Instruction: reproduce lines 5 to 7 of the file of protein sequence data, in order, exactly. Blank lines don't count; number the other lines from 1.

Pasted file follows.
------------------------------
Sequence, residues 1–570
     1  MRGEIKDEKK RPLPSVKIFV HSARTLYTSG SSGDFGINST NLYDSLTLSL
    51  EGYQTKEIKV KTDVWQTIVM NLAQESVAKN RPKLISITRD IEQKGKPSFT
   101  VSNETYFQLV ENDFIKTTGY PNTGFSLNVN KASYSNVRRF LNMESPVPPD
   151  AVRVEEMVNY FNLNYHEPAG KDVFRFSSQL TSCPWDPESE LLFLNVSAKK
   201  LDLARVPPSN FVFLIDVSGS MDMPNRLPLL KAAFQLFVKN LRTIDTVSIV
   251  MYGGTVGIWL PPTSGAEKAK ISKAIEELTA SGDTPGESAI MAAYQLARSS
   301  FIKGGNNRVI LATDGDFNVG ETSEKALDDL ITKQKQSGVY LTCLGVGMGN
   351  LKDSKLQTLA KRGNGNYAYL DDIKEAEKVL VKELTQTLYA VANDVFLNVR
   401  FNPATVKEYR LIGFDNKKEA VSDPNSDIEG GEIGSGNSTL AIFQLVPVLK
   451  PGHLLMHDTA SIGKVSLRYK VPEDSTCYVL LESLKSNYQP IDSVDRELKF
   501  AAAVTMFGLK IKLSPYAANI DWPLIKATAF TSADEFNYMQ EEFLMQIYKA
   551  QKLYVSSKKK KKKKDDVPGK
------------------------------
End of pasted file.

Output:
   151  AVRVEEMVNY FNLNYHEPAG KDVFRFSSQL TSCPWDPESE LLFLNVSAKK
   201  LDLARVPPSN FVFLIDVSGS MDMPNRLPLL KAAFQLFVKN LRTIDTVSIV
   251  MYGGTVGIWL PPTSGAEKAK ISKAIEELTA SGDTPGESAI MAAYQLARSS